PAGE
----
We offer a customized curriculum that aligns with Massachusetts and New Hampshire Science Standards, as well as Next Generation Science Standards.

We're here to enhance the work teachers do in the classroom and to provide additional learning opportunities. While some students struggle in the traditional classroom or lab, this learning environment excites them to learn and succeed in a whole new way.

The Science Standards form the foundation of our curriculum. We evaluate the standards to determine the learning objectives for each lesson. We use the resources available at our outdoor classroom to plan hands-on activities to achieve the objectives. Each lesson is designed to explore the content of earth and space science, life science, physical science, or engineering standards. Content areas include energy and matter, chemical properties, Earth’s spheres, and force and motion. Our lessons also build science process skills that span many branches: constructing arguments from evidence, building and using models to describe phenomena, and evaluating cause and effect relationships.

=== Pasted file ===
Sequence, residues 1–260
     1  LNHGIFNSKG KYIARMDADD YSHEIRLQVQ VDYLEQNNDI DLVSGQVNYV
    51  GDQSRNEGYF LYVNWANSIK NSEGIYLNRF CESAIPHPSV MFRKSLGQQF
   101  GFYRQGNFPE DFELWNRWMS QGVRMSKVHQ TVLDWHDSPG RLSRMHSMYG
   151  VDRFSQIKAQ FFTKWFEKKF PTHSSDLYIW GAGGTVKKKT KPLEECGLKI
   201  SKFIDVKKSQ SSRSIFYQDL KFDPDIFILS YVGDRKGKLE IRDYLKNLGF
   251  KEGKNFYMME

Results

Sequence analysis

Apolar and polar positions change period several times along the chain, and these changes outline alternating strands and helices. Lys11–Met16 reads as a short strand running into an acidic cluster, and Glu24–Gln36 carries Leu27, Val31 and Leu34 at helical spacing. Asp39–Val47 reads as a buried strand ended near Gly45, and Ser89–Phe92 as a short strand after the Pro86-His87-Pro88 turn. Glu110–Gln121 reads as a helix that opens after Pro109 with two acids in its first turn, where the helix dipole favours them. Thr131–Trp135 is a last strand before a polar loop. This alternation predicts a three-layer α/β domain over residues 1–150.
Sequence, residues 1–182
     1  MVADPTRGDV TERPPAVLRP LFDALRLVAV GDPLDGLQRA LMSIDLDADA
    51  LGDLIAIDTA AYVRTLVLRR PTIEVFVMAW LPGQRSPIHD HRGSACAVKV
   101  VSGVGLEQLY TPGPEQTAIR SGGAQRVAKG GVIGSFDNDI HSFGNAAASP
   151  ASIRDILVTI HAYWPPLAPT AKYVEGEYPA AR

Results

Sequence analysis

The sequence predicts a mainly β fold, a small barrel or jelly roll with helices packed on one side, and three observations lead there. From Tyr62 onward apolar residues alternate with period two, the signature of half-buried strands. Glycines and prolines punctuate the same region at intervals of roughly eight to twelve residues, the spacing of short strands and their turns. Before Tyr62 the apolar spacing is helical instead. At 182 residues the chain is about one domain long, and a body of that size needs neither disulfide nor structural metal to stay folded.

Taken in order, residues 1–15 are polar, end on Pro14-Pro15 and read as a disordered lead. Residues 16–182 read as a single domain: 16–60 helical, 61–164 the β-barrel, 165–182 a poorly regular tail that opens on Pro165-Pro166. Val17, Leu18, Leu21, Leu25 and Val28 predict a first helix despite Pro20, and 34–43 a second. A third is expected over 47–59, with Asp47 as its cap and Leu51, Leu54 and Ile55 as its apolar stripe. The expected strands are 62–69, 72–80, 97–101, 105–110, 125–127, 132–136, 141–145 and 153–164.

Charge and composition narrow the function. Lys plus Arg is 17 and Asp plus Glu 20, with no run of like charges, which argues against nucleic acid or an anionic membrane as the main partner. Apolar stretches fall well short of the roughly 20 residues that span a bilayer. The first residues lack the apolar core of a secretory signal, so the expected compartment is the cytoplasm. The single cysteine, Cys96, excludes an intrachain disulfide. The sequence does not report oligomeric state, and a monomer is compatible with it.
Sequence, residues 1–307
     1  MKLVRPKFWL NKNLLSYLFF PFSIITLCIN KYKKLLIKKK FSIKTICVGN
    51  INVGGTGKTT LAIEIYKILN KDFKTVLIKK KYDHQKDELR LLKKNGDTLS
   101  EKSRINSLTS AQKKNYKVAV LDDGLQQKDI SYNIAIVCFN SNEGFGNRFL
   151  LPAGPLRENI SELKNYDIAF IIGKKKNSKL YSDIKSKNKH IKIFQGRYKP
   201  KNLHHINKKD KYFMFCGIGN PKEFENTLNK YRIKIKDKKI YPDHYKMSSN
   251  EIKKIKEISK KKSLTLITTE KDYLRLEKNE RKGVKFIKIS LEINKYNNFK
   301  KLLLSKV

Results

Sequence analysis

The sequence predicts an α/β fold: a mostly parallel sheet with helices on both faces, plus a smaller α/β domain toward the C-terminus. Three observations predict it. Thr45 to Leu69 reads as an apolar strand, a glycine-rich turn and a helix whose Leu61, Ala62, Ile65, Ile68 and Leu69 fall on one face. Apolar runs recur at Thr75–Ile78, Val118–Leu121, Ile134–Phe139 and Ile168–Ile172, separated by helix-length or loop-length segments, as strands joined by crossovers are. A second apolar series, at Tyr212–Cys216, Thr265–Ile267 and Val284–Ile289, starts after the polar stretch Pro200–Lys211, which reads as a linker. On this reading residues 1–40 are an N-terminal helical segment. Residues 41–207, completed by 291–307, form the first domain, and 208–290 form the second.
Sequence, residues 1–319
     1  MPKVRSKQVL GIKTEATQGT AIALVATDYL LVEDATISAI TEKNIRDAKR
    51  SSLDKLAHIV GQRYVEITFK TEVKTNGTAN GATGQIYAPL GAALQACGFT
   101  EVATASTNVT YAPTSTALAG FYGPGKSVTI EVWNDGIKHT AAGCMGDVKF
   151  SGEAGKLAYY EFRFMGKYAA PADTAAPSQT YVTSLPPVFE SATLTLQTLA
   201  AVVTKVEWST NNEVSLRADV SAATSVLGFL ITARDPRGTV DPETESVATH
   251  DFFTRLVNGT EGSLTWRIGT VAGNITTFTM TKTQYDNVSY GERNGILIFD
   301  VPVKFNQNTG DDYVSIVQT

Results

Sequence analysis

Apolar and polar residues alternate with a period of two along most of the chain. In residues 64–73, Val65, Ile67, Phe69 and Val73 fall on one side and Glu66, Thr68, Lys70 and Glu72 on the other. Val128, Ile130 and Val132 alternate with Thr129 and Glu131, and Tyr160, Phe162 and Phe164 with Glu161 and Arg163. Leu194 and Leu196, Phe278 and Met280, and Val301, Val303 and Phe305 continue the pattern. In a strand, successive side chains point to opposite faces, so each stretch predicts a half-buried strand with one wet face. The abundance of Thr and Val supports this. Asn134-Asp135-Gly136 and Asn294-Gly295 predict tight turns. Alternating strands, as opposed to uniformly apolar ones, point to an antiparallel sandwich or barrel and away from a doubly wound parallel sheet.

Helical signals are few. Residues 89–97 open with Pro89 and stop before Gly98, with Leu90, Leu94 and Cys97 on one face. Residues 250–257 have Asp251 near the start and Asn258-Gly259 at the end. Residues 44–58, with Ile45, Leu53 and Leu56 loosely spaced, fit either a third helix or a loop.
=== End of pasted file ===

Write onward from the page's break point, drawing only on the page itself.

We know that there are components of the state standards that are challenging for teachers to fulfill within the walls of the classroom and our programs can help. At Cody, students can go to the lake and collect and analyze pH and DO data to determine the health of a water system and make observations to predict human impact. Students can use a slingshot and ball as a model to explore the relationship of potential and kinetic energy in a system. By changing the mass of the ball, they can gather and interpret data to evaluate the relationship of mass, velocity, and kinetic energy in a system.               

As educational theories and practices continue to evolve, so does our curriculum. We are committed to providing a progressive, innovative experience for the schools and students we serve.  

The Task Force recommends that science and math be taught more as “hands-on” learning from the earliest grades. Science and math and their companions engineering and technology can best be learned by “doing” and not merely by memorizing facts.
— Governor's Task Force on K-12 STEM Education Final Report, January 2015